Incident Response

Every now and then, while in our line of duty, we are faced with a crisis. This is the story of Speedbird 38.

When the going gets tough, the tough get going. ~ JFK

When dealing with technology; computers malfunction all the time, code always has bugs and users will always falter. Avoiding all those is nearly impossible, but minimizing the detrimental impact is definitely achievable. Its not about if something goes wrong, its always about when.

At work, I go oncall every month, for a week at a time. What that means is, I am the front line of defense, 24/7 for 7 days. I walk around town with my laptop on my back and phone in hand waiting for something to go wrong. As they say, when something can go wrong, it will. And it usually does when you least expect it.

The way you respond to a situation is almost as important as the remedy itself. Nobody expects you to know how to fix everything — that is just impossible. Being in the first line of defense, what is more valuable is communicating clearly what the situation is, identify who can help and delegating the tasks accordingly.

The 3 principles that I always follow are,

  • think fast
  • act fast
  • delegate fast

Speedbird 38

One of my favorite crisis responses took place on January 17, 2008. The line of work is in no way related to what I do, but this is a perfect illustration of how to deal with a mishap and come out on top. What makes the following example even more remarkable is that this was executed knowing fully well that human lives were at stake.

The scene: London’s Heathrow Airport.

BA38 was on final approach after a 5000 mile journey from Beijing, China. Long story short, ice crystals formed in the aircraft’s fuel tanks and clogged the fuel-oil heat exchanger on both engines. This resulted in both engines losing thrust, while at a dangerously low altitude mere meters away from the runway. Had the plane landed short of the runway, it would have hit the busy motorway and almost instantaneously killed all onboard as well as hundreds of motorists. The pilots resorted to quick thinking and retracted the flaps to allow the aircraft to glide a little bit more than it would have and made it past the motorway.

Eventually, the plane crashed on the apron of the runway. With everyone still alive and the plane having partially disintegrated on the apron, this is where the crisis response begins. While, the pilots did everything in their power to bring the plane down relatively safely, it was still a ticking time bomb which could burst into flames any second.

The following is a recording and transcript of the everything that went down after. Give it a listen and read my analysis of the time line.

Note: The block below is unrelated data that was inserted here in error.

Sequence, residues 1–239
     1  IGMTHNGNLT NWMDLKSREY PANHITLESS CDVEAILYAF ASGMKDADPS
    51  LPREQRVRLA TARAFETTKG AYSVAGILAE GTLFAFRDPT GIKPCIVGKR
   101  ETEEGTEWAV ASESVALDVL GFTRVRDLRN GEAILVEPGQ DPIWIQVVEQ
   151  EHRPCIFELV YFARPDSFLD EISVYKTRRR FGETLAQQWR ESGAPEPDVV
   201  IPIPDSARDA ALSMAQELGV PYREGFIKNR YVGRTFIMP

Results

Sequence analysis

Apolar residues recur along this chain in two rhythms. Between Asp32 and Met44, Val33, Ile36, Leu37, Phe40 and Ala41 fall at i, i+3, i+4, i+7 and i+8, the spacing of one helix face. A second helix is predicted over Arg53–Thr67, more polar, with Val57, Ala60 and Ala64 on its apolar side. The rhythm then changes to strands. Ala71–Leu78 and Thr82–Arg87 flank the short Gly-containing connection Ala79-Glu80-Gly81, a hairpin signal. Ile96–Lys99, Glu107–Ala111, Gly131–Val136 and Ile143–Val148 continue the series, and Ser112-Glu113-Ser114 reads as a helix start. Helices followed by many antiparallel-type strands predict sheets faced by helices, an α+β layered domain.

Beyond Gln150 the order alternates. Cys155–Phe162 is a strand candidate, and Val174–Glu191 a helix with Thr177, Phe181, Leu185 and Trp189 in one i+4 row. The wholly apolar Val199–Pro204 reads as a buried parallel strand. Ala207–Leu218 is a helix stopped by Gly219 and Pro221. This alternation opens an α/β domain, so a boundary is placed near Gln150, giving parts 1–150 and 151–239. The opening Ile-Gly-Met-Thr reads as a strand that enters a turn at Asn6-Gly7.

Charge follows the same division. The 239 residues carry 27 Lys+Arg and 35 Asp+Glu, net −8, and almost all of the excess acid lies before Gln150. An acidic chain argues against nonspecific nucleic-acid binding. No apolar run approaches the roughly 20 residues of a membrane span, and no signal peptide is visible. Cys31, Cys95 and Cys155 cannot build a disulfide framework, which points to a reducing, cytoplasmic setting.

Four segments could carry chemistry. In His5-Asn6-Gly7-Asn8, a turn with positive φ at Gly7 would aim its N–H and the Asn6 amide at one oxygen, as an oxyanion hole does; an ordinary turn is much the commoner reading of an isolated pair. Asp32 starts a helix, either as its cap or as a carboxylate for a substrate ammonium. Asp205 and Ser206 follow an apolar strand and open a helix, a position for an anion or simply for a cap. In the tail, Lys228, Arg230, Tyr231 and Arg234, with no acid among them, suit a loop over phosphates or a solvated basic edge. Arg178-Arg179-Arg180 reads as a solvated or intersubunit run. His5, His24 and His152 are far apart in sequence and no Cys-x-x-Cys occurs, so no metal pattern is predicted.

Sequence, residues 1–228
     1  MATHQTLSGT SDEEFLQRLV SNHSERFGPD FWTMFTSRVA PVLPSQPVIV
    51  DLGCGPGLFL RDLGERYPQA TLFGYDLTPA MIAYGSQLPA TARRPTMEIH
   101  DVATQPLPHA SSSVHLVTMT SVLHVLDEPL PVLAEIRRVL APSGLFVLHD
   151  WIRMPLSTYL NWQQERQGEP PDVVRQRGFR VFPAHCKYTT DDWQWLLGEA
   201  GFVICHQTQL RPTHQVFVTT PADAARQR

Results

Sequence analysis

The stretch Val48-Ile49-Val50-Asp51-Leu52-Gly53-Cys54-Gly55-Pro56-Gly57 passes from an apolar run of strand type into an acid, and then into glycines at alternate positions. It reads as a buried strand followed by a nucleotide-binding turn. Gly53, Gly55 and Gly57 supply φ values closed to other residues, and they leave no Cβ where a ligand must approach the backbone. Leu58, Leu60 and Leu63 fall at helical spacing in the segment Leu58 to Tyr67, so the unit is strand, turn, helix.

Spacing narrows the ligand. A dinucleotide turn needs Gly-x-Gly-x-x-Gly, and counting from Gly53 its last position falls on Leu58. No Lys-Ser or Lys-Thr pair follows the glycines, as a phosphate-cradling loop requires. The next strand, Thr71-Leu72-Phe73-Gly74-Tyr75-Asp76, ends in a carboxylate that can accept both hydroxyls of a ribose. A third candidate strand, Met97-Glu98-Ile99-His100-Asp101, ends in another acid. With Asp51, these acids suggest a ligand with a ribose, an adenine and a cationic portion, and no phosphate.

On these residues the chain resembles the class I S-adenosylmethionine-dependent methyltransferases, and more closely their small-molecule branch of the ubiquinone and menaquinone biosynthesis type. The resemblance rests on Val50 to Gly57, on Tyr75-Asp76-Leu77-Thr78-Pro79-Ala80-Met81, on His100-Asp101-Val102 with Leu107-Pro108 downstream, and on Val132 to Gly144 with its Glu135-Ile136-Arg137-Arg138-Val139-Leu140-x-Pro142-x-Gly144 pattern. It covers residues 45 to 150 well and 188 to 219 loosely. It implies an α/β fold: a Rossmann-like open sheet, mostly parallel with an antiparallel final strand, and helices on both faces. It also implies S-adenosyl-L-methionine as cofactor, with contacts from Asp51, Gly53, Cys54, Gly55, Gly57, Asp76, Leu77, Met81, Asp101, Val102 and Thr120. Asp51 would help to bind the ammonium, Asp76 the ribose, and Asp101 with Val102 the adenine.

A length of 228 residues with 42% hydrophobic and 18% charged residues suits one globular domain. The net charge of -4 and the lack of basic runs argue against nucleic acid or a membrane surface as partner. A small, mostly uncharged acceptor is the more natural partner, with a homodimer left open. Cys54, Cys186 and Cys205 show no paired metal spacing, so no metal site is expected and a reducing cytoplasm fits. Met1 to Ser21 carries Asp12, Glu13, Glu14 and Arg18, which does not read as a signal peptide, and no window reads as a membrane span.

YouTube

Timeline

0:16: Speedbird 38 (speedbird is British Airways’ callsign) is cleared to land on runway 27L

0:44: Speedbird 38 declares an emergency and transmits on ATC’s frequency that he is in trouble. He is clear, consise, and repeats himself on every term. Understandably shaken, he does slip up and mentions his callsign as 95 as against 38. No damage done though, and recognizing this, the tower doesn’t waste time correcting him.

0:56: ATC swings into action. First on the line is to halt other traffic using or approaching that runway. He asks 229 to stop and hold position.

0:58: ATC broadcasts whats just happened to emergency crews and to his colleagues. He repeats everything he says to be absolutely clear. He specifies the aircraft involved, the problem, location and co-ordinates a rendez-vous point. I love his calm and collected voice, taking time to make sure what he is saying is absolutely clear.

1:19: BA38’s captain, probably still shaken up, erroneously broadcasts his evacuate message over the ATC frequency. That message was actually meant for the cabin.

1:23: ATC very calmly, and respectfully responds saying he transmitted that message on his channel by mistake and advices him that fire service is already on the way.

1:26: QR11 (callsign Qatari 011) which was queued in to land right behind the crashed BA38 is asked to abort his landing and go around. He repeats his instructions and asks for an acknowledgement.

1:31: Qatari 011 acknowledges.

1:36: Fire Services updates on their progress towards the crash site and confirms a visual on the escape slides being deployed.

1:56: ATC goes back to addressing the other queued aircrafts waiting to land. QR11, the one immediately behind, has already been given the go-around. BA479 next after the Qatari, was asked to make a switch to the parallel runway if possible.

2:04: ATC makes a phone call to radar control to advice them of what is happening. Tells them about the aircrafts he has already switched to the parallel runway (27R) and asks to stop other ones from coming in.

2:25: ATC goes back to Qatari 011 to be absolutely sure he has initiated a go-around (missed approach) and isn’t trying to land into the mess.

2:36: ATC makes the call to officially close the runway. And advices about the steps he took with the two immediately queued in aircrafts.

I mean, this guy is an absolute genius. In the span of 2 minutes, he handled a mayday call, he reassured the pilot, corrected the pilot’s wrong transmission, talked to emergency services, called radar control to appraise his colleagues, spoke to the two other queued in aircrafts to make sure they don’t land into the mess, halted ground traffic, declared the runway closed and did this all with a clear and calm voice.

Every single soul on board walked away from the crash. Everyone survived.